The effective use of Pioneer’s "better seed" relies on a package of inputs that costs money. This includes synthetic fertilisers and pesticides ( produced and supplied by Pioneer Hi- Bred), irrigation and established marketing channels. The majority of small-scale food producers in SA do not have any hope of gaining sustained access to this package of inputs. They don’t have the resources, and will never have them until there is a fundamental redistribution of wealth in our society as a whole.
This package of inputs, the basic technologies of the so-called Green Revolution, is also proving unsustainable globally as the long-term negative ecological effects of soil depletion, excessive water use, narrowing of seed diversity and monocropping take their toll in the form of stagnating yields, destruction of ecosystems and increasing crop vulnerability.
When it comes to ensuring that food enters the market carrying as few pathogens and insects as possible, the large majority of health, governmental and scholarly authorities seem to agree -- food irradiation is an effective final safety measure.
With their eyes firmly on the money making potential of the bottom of the pyramid (BOP) global food market, profit-seeking corporates punt food security through the enhancement of the global food value chain. But, writes Carol Thompson, this avoids distinguishing who is 'valued' and who is 'chained'.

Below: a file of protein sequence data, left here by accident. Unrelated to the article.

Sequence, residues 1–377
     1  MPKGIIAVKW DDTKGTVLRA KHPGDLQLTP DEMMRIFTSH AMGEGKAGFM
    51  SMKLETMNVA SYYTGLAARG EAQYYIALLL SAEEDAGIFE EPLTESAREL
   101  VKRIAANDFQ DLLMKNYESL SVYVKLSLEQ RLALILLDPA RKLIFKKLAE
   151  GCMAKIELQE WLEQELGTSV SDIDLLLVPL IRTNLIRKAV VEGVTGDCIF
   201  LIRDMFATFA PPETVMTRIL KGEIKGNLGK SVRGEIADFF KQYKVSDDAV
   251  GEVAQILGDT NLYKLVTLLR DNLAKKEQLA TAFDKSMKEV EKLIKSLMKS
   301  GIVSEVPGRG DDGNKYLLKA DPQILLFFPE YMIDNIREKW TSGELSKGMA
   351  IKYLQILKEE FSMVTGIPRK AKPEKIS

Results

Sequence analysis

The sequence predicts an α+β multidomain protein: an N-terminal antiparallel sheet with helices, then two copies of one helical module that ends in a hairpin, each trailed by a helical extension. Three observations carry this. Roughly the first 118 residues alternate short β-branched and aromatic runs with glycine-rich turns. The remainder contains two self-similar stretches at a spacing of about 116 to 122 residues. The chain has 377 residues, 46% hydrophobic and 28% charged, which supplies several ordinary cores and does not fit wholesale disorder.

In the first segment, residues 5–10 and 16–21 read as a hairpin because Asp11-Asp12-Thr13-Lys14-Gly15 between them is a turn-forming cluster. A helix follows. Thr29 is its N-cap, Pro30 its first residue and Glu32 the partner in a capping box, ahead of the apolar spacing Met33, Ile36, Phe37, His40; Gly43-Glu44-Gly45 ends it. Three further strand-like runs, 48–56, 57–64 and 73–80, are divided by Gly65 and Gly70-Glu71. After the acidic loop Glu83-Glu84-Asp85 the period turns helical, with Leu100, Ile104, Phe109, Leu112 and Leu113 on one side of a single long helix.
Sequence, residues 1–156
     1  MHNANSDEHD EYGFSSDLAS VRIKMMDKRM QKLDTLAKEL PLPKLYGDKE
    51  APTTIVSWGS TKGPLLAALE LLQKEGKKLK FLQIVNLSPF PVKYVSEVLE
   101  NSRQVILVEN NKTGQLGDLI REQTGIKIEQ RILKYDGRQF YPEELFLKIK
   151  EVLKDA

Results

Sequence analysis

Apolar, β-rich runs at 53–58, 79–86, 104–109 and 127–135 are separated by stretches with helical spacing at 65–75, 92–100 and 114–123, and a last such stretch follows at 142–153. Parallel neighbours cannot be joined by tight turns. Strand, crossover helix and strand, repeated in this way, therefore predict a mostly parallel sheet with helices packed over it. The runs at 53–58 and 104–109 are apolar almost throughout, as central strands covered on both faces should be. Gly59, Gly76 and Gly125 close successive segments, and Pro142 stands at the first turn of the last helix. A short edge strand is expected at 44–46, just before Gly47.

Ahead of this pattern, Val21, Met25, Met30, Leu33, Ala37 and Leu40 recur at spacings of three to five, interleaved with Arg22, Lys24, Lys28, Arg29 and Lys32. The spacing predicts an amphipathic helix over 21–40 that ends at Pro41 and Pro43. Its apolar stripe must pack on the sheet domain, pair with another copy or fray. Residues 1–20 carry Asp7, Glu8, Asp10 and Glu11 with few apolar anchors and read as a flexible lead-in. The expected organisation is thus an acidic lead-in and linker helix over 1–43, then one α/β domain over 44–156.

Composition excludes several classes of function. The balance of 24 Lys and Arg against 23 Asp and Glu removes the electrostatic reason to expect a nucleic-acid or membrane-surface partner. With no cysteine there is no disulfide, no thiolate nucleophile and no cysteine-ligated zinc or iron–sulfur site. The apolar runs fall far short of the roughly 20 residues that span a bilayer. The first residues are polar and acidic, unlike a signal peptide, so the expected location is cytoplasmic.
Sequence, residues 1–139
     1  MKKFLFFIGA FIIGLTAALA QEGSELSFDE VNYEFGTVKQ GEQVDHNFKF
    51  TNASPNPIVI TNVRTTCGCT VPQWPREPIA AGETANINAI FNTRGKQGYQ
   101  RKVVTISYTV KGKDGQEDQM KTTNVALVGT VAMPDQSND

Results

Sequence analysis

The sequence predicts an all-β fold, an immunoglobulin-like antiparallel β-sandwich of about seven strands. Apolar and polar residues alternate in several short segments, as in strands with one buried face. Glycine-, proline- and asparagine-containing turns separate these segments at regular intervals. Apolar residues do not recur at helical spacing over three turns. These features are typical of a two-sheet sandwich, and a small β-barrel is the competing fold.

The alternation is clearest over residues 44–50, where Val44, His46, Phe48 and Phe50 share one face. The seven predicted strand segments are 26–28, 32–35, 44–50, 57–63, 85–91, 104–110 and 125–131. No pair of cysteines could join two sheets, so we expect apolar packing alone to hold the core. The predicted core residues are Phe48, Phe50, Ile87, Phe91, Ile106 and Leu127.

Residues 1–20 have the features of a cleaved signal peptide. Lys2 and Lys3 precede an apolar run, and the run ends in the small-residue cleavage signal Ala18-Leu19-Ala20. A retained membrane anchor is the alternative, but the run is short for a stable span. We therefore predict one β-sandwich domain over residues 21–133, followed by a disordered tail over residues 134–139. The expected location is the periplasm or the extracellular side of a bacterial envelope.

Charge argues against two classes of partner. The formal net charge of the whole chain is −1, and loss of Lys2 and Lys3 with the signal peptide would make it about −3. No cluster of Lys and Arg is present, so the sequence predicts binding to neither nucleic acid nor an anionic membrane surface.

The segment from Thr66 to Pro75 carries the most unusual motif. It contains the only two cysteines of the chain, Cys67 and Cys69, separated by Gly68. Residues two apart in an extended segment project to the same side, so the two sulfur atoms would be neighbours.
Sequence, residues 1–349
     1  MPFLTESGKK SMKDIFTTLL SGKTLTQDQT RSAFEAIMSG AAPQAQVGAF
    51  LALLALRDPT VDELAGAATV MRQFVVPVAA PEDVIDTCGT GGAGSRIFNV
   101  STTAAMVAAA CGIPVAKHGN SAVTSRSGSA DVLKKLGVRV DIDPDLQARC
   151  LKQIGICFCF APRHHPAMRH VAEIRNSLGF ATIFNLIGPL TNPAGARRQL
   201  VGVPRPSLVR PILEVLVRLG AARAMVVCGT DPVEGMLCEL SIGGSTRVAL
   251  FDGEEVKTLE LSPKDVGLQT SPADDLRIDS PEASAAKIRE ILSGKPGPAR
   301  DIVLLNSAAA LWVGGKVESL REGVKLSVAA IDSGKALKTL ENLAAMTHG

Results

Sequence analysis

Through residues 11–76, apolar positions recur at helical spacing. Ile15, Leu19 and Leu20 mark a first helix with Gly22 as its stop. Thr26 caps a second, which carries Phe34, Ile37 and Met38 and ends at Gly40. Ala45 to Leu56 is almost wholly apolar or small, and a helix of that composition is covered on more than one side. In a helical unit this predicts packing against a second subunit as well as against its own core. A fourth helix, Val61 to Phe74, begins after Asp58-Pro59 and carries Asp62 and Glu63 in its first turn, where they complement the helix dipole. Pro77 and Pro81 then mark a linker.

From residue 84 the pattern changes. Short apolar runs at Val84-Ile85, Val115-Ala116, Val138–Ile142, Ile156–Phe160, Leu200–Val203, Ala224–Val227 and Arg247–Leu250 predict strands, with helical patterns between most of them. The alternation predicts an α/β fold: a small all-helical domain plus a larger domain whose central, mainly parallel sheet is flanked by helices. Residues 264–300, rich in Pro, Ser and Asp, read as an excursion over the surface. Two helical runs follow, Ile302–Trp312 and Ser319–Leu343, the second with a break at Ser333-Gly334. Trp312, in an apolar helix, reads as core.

The Ontario Court of Justice on Wednesday found rural dairy farmer Michael Schmidt guilty of selling and distributing raw milk and raw-milk products — the latest development in a nearly five-year legal battle with the province about consumers'...
A San Diego produce company has recalled one lot of organic grape tomatoes imported from Mexico after a container of the tomatoes, collected in Michigan in a random sample by the U.S. Department of Agriculture, tested positive for Salmonella.
Andrew Williamson Fresh Produce said the grape tomatoes were sold under the Limited Edition® and Fresh & Easy labels in 18 U.S. states -- Arizona, California, Connecticut, Florida, Idaho, Illinois, Kansas, Missouri, Montana, Nevada, New Jersey, New York, North Carolina, Oregon, South Carolina, Tennessee, Texas and Utah -- and two Canadian provinces, British Columbia and Ontario.
This is a very exciting piece of work that suggests that the food we eat may directly regulate gene expression in our bodies,” said Clay Marsh, Director of the Center for Personalized Health Care at the Ohio State University College of Medicine who researches microRNA expression in human blood but who was not involved in the study.
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